• @Laura, there’s ample space inside or outside the trees, the centre of road cycle lanes require larger buffers and thus more space, not less space.

  2. @Laura Hmm, I’m not sure I’d want to cycle down the center of a road with cars on both sides of me. As it is, I don’t like them on one side of me, even when it’s segregated.

    As for other considerations, I’ve never seen a center-lane segregated cycle-track in NL, so I wouldn’t be in favor of trying something like that. I’s much rather follow the Dutch model. They’ve managed to produce a system that works, so they’re the ones I’d personally prefer to follow.

    I agree with all else you said. A fully segregated NETWORK is what’s needed, not just a few disparate non-connected cycle-lanes. DCC, NRA, the government need to f-ing wake up to what’s needed and get it done. Invest in sustainable modes of transport not the failed experiment that is the private car as a means of mass urban transport.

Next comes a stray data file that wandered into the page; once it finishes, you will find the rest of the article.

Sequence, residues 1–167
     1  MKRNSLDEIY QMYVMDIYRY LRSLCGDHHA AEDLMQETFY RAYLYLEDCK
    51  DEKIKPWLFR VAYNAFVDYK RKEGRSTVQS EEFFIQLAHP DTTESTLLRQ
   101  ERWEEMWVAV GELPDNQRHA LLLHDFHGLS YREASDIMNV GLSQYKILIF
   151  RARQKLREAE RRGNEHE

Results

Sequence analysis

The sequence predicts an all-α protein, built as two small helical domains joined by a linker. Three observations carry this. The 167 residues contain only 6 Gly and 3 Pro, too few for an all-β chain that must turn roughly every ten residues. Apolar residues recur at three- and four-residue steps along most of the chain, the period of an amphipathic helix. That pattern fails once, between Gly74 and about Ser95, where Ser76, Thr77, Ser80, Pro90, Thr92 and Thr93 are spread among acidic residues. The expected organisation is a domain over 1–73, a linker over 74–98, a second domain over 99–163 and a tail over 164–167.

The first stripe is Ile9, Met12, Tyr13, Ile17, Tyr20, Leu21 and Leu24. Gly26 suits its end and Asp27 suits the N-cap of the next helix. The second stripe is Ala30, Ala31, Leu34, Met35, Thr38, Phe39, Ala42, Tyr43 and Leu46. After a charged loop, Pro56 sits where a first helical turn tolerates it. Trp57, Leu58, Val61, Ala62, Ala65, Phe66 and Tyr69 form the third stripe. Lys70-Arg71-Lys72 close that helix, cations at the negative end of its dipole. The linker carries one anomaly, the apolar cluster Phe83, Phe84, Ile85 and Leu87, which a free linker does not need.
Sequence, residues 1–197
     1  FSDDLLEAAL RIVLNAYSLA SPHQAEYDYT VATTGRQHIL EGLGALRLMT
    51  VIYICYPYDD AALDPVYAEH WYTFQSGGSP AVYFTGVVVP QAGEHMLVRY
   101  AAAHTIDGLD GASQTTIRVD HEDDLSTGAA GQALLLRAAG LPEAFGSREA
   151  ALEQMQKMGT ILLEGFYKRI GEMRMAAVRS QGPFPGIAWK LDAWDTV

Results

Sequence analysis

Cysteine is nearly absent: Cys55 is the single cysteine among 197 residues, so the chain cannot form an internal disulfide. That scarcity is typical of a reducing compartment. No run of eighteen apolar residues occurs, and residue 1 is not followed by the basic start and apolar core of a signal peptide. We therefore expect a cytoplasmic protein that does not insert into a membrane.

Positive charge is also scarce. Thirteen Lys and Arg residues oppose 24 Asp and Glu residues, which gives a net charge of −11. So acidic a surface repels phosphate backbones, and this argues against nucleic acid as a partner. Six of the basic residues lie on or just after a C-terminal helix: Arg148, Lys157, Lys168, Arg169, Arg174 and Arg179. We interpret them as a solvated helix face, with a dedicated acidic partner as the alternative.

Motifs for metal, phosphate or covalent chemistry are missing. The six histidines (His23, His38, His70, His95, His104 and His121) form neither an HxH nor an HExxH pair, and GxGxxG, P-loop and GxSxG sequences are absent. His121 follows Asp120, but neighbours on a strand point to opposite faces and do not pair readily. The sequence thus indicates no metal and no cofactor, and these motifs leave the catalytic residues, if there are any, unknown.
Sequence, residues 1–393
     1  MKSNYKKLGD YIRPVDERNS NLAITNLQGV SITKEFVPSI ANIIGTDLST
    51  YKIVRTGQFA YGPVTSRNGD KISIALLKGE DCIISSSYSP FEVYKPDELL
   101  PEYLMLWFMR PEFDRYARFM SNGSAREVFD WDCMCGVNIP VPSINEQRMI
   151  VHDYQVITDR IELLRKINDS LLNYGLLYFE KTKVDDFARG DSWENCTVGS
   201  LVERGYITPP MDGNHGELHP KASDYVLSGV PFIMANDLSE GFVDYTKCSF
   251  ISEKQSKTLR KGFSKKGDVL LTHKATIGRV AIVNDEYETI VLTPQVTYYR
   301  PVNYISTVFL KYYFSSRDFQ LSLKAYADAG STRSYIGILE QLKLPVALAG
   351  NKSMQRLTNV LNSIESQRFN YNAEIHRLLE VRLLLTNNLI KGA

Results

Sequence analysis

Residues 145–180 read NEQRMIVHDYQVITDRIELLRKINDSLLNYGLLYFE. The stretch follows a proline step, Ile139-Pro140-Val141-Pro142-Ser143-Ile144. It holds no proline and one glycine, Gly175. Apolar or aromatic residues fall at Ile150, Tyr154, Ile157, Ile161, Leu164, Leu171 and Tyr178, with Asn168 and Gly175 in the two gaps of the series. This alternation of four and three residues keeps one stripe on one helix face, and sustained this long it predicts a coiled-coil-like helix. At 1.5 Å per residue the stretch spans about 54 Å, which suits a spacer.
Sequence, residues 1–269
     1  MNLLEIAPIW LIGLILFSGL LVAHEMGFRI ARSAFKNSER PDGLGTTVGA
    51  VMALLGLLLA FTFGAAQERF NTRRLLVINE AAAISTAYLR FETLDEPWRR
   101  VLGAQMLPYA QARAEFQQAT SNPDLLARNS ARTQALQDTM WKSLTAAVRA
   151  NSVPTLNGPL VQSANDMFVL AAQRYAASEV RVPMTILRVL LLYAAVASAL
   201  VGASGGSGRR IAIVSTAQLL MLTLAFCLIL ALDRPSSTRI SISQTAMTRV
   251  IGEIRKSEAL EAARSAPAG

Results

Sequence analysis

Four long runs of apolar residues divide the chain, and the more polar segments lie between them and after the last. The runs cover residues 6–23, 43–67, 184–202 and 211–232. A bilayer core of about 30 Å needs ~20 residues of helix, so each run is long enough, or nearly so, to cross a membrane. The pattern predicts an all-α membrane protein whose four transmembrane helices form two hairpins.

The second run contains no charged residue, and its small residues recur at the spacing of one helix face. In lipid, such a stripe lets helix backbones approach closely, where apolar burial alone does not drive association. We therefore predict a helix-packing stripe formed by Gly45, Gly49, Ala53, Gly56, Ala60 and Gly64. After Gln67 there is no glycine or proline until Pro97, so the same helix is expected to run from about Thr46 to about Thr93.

3. There are many options which should be looked at for Fairview and the City Council should have produced a study setting them out. Others include a) putting the bus lanes in the centre of the road with island bus stops connected to the sides by pedestrian crossings, and b) having a segregated access lane on the west side of the road for bicycles and other vehicles accessing shops etc. The apparent reason that these options haven’t been looked at is that the City Council decided very early in the process that the current carriageway width (6 lanes/ 5 lanes) has to remain to maintain the capacity for cars.


Leave a Reply

This site uses Akismet to reduce spam. Learn how your comment data is processed.